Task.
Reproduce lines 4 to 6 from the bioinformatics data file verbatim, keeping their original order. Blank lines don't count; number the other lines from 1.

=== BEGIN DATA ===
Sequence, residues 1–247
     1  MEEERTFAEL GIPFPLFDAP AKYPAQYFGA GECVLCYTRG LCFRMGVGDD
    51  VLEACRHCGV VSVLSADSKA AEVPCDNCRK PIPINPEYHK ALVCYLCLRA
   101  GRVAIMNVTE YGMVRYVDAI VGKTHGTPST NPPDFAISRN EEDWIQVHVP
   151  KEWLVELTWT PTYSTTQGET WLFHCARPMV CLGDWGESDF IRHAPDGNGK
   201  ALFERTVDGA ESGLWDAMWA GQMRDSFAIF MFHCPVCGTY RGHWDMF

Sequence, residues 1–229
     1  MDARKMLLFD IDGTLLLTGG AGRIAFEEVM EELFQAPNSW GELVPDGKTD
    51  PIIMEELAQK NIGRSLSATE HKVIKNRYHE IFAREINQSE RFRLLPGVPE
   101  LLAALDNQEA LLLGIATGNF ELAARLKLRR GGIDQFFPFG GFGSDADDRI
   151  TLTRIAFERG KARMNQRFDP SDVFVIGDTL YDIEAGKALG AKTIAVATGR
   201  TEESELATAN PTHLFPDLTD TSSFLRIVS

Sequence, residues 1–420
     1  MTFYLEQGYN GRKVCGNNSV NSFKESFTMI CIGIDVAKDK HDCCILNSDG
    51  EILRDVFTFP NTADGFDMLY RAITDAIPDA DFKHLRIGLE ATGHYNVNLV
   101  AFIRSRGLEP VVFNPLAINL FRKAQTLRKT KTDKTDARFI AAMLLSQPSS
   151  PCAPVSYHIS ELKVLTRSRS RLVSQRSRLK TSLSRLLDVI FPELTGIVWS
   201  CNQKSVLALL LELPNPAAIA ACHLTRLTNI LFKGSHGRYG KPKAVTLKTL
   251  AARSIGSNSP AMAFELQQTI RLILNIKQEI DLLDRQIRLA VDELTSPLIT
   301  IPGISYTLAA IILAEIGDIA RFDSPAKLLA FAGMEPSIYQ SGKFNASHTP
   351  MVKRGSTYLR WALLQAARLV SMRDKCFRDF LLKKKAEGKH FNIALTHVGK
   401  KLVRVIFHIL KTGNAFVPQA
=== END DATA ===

   101  GRVAIMNVTE YGMVRYVDAI VGKTHGTPST NPPDFAISRN EEDWIQVHVP
   151  KEWLVELTWT PTYSTTQGET WLFHCARPMV CLGDWGESDF IRHAPDGNGK
   201  ALFERTVDGA ESGLWDAMWA GQMRDSFAIF MFHCPVCGTY RGHWDMF